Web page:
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Account of the Accident

Monday, April 2, 1979

Monday morning Denton and Mattson met the press. George Troffer, a Met Ed official, had already told a reporter the bubble was essentially gone. Denton acknowledged a "dramatic decrease in bubble size," but cautioned that more sophisticated analyses were needed "to be sure that the equations that are used to calculate bubble size properly include all effects." As to the bubble's potential for explosion, Denton told reporters "the oxygen generation rate that I was assuming yesterday when I was reporting on the potential detonation inside the vessel is, it now appears, to have been too conservative." Throughout the press conference, Denton continued to refer to NEC's estimates as too conservative; he never stated outright that NEC had erred in its conclusion that the bubble was near the dangerous point.120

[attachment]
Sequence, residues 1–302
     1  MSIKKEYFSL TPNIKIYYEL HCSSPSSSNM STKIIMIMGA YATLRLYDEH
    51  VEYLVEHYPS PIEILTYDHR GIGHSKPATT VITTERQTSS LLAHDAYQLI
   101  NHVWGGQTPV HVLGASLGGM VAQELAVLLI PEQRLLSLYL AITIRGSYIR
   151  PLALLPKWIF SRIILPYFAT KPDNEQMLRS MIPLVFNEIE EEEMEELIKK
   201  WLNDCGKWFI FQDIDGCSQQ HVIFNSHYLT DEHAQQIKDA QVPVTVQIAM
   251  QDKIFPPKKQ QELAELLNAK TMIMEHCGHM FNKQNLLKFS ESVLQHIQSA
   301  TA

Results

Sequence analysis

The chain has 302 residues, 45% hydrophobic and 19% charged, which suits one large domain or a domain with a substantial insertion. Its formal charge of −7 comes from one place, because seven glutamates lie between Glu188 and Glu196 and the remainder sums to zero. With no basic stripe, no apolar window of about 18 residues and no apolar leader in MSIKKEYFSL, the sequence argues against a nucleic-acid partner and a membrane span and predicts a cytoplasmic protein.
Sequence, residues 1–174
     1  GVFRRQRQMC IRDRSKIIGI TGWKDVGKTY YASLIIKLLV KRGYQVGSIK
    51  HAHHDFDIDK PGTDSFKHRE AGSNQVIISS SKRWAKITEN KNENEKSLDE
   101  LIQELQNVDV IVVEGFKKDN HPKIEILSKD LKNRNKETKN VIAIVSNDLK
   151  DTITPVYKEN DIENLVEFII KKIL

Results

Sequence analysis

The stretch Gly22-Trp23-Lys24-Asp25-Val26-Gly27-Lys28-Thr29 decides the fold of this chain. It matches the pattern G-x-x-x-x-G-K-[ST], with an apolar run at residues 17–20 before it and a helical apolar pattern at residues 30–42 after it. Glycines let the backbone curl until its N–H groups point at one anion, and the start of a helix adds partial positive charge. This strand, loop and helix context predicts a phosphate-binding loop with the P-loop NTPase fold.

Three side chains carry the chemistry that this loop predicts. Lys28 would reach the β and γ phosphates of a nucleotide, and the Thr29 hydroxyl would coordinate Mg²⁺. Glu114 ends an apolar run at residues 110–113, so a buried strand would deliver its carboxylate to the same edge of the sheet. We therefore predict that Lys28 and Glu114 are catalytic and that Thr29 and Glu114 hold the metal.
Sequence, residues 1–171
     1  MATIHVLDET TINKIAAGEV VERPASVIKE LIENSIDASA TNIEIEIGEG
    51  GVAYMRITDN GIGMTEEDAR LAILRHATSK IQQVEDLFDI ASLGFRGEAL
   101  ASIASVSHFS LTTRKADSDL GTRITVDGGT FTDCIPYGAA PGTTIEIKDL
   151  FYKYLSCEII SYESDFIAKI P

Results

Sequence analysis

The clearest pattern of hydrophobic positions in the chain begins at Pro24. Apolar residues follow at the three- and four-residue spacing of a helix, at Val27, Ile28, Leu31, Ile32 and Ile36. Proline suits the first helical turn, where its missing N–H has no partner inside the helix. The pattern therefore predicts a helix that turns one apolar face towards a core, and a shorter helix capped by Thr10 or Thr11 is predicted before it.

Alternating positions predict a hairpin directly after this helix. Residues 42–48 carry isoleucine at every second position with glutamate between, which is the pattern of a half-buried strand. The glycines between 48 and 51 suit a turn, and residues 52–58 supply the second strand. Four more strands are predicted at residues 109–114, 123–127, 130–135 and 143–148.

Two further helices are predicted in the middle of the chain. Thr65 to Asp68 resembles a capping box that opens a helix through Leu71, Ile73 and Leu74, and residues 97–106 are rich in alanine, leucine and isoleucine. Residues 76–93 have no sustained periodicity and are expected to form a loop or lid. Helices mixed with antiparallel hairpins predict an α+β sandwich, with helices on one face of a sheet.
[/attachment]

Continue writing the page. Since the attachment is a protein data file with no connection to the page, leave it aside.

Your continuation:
According to Mattson, the tone of the press conference -- its vagueness and imprecision -- was decided upon at a meeting of NRC officials Monday morning.

We wanted to go slow on saying it was good news. We wanted to say it is good news, do not panic, we think we have got it under control, things look better, but we did not want to firmly and finally conclude that there was no problem. We had to save some wiggle room in order to preserve credibility. That was our judgement."121